Plaintiff is a state prisoner proceeding pro se. Plaintiff seeks relief pursuant to 42 U.S.C. § 1983 and has filed an application to proceed in forma pauperis under 28 U.S.C. § 1915. Plaintiff has consented to Magistrate Judge jurisdiction over this action pursuant to 28 U.S.C. § 636(c). (See Doc. No. 5.)
I. In Forma Pauperis Application
Plaintiff has submitted an in forma pauperis application that makes the showing required by 28 U.S.C. § 1915(a). Accordingly, plaintiff will be granted leave to proceed in forma pauperis.
Plaintiff is required to pay the statutory filing fee of $350.00 for this action. See 28 U.S.C. §§ 1914(a) & 1915(b)(1). Plaintiff will be assessed an initial partial filing fee of 20 percent of the greater of (a) the average monthly deposits to plaintiff's trust account; or (b) the average monthly balance in plaintiff's account for the 6-month period immediately preceding the filing of this action. 28 U.S.C. § 1915(b)(1). By separate order, the court will direct the appropriate agency to collect the initial partial filing fee from plaintiff's prison trust account and forward it to the Clerk of the Court. Thereafter, plaintiff will be obligated to make monthly payments of twenty percent of the preceding month's income credited to plaintiff's prison trust account. These payments will be collected and forwarded by the appropriate agency to the Clerk of the Court each time the amount in plaintiff's account exceeds $10.00, until the filing fee is paid in full. See 28 U.S.C. § 1915(b)(2).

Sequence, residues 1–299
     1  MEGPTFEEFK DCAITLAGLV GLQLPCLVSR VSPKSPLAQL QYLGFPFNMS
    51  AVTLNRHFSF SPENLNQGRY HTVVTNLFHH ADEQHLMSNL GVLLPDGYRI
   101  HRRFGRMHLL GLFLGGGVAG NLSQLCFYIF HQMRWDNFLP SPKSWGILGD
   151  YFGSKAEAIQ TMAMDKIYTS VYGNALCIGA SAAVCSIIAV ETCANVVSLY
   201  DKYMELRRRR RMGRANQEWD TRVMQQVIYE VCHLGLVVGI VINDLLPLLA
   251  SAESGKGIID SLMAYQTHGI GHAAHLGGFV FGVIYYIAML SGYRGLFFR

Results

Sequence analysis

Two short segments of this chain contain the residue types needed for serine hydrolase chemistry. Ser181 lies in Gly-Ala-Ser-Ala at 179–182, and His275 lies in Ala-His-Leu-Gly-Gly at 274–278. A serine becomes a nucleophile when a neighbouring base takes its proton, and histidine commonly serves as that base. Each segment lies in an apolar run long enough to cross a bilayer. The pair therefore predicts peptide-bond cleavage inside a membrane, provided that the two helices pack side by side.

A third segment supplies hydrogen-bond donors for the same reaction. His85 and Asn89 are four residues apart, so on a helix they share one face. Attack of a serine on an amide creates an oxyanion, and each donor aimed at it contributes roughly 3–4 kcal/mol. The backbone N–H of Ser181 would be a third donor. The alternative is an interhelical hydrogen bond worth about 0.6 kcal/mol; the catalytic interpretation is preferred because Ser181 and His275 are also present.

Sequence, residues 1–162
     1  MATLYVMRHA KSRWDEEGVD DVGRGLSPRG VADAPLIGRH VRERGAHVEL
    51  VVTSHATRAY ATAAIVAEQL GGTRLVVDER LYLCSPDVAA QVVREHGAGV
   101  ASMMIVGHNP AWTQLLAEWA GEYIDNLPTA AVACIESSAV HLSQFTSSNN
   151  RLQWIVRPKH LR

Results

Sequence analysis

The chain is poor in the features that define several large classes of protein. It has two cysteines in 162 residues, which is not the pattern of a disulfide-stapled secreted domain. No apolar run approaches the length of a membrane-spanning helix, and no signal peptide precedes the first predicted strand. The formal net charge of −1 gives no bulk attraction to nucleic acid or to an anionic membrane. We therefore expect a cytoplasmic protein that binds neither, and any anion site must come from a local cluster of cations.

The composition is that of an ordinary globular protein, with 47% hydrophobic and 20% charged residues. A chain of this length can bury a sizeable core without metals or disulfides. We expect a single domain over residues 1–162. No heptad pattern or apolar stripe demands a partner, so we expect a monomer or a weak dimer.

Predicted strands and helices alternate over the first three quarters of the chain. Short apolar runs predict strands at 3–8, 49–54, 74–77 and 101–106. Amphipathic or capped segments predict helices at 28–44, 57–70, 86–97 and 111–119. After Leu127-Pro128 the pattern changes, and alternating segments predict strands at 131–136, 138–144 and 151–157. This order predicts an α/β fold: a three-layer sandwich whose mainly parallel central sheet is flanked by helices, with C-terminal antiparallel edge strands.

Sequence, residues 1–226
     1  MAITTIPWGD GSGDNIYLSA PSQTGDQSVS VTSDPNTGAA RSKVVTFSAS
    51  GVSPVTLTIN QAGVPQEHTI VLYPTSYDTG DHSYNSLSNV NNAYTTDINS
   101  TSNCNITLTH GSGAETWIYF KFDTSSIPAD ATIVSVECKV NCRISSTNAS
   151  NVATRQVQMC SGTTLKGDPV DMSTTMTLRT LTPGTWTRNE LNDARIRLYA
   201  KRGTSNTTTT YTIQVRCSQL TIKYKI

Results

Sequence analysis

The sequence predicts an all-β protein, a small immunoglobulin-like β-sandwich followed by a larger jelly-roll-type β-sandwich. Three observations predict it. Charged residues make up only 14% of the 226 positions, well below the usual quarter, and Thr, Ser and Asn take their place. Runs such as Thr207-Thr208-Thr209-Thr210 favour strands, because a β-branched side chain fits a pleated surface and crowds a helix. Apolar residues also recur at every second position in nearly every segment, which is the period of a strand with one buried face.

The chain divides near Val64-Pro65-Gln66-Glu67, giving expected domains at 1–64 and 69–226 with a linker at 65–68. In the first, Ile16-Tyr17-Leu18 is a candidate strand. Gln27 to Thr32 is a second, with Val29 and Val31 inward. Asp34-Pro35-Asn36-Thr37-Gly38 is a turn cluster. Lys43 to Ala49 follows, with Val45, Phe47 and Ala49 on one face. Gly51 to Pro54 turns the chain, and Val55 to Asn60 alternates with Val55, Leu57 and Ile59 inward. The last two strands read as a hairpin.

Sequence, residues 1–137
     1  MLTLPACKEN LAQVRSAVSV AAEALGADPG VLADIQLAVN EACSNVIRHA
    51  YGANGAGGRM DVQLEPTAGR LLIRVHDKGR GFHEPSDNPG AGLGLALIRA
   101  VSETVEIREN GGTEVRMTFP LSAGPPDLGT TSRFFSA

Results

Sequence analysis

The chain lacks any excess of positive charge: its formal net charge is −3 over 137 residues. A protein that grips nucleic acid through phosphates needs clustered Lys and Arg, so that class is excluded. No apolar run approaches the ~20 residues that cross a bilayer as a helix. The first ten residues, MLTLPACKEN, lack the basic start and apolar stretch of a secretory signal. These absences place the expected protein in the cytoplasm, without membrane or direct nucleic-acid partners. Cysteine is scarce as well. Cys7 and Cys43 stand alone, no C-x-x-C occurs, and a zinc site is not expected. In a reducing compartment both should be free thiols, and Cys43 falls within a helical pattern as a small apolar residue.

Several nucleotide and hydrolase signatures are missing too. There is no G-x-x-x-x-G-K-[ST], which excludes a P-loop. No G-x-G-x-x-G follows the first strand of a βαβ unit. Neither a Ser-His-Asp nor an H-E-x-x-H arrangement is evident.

II. Screening Requirement
The court is required to screen complaints brought by prisoners seeking relief against a governmental entity or an officer or employee of a governmental entity. See 28 U.S.C. § 1915A(a). The court must dismiss a complaint or portion thereof if the prisoner has raised claims that are legally "frivolous or malicious," that fail to state a claim upon which relief may be granted, or that seek monetary relief from a defendant who is immune from such relief. See 28 U.S.C. § 1915A(b)(1) & (2).